But as well as being really, really old, the stories in The Mab are thrilling and funny and MAGIC. They speak of a time when the gates between the Real World and the Otherworld were occasionally left open. And sometimes, just sometimes, it was possible to step through. Trust me, you’re going to love them.
So states the introduction to The Mab, a gathering and retelling of eleven tales from the classic Welsh folklore collection The Mabinogi or Mabinogion – and it isn’t wrong.
For those not familiar with it, the original stories are believed to be the earliest written prose in Britain, dating to the 12th-13th centuries (though the tales themselves may be older). Their genres vary widely from story to story, covering classical historical and hero tales full of romance and tragedy, to marvellous flights of humour and fantasy. Some of them also feature the familiar figure of King Arthur and his knights, though pre-dating the classical romance character that we might recognise today.
It’s safe to say then that The Mabinogi (or Mabinogion depending which version you read) is an important collection from a historical and literary point of view; but it’s also true that the prose and the stories themselves are quite complex. Many of them contain asides or multiple parts outside of what might be considered the “main” storyline, and the cast of characters is long, with some reappearing in minor roles later on. The world that the stories portray is rich and intricate, but not necessarily the most accessible – especially to younger readers.
This is where The Mab comes in. Every individual story is retold by a different author, each with a unique voice and approach, and all intended for younger or less confident readers who want a chance to experience Welsh folklore.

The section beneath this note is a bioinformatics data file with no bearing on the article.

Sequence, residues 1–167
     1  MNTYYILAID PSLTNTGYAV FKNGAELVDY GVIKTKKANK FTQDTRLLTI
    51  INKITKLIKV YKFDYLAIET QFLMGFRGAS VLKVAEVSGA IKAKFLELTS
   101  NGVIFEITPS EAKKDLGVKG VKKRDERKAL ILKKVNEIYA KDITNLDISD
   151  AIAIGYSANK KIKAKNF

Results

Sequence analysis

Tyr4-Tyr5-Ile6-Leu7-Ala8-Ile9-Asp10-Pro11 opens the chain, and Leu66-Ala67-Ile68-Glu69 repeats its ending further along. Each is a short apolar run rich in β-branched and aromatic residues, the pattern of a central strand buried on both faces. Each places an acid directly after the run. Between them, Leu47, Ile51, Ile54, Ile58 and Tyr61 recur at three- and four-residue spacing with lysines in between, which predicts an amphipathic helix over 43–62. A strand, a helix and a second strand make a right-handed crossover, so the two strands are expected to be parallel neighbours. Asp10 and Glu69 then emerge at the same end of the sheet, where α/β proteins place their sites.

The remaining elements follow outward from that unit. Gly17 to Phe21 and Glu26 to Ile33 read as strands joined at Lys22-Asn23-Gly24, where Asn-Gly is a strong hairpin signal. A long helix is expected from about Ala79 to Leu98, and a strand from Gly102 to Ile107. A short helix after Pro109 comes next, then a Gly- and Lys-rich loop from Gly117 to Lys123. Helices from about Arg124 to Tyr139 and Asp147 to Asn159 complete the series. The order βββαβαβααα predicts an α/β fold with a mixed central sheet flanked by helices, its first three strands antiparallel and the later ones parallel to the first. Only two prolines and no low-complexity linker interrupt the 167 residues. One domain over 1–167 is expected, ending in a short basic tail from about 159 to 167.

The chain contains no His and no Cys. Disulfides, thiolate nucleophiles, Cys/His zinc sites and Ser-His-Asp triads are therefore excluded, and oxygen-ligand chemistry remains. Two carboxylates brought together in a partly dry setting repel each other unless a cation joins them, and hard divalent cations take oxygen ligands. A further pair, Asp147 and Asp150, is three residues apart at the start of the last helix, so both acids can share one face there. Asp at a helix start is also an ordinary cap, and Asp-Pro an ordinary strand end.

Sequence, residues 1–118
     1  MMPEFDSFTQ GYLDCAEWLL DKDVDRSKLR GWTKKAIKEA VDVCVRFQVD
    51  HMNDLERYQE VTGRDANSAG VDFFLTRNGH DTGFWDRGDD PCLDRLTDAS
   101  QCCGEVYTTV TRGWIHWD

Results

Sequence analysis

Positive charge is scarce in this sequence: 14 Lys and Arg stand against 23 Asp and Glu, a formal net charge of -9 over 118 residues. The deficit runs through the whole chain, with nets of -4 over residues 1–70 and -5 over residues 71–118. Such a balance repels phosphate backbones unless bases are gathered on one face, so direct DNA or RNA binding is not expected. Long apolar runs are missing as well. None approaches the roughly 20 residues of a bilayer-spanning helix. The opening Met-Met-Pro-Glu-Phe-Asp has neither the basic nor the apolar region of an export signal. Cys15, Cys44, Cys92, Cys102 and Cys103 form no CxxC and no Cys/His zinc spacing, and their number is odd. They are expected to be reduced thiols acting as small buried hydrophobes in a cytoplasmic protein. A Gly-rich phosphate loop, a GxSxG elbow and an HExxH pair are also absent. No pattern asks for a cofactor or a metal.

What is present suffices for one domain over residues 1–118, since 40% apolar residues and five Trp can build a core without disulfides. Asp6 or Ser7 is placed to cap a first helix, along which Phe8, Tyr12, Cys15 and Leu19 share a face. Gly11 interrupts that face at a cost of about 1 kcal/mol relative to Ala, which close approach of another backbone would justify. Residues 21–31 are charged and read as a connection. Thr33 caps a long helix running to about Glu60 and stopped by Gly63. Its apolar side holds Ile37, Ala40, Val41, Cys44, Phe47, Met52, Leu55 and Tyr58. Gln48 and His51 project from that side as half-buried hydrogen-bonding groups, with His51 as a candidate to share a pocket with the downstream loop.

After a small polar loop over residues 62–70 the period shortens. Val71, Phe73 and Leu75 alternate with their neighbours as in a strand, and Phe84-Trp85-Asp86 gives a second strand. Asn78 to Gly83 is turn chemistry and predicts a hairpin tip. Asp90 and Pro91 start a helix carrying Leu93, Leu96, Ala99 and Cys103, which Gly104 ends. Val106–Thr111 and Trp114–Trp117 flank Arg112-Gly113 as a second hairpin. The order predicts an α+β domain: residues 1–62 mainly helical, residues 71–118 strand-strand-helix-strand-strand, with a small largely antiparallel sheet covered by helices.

At this point I have to confess that I haven’t read the original collection of tales (although it is on my list), which means that my review is coming from a blank slate with regards to the adaptations. I will say however that my partner, a voracious reader, has commented about the originals being a bit heavy-going, so I feel that stating The Mab is more accessible is a valid point.
The first thing that you see is of course the front cover, which utilises images from the inside of the book, weaved together in a striking tapestry. Max Low’s art immediately gives you a sense of magic and wonder, from the bold lines of the fields to the bright colours of the flowers and sky.
Each story gets its own full-page illustration at the start, again in these vibrant hues. They’re not the type of images most of us would automatically associate with folklore, being so bright and relatively simplistic in their style. But they are perfect for bringing to life a new, modern (in design, not in content) approach to the stories.
Just like more traditional versions of the book, The Mab features a map in the front of the relevant locations – for someone who doesn’t know Wales very well, this is a very handy feature. And, as regular readers here will know, I’m a sucker for a map! (Seriously, just look at it!)
I don’t plan to summarise the stories here, as each is short and so different from the others that it could be considered to be completely stand-alone. But each author has done a great job of introducing the characters and the themes in a realistic and understandable way, using modern phrasing and idioms where appropriate that will likely help younger readers feel more comfortable.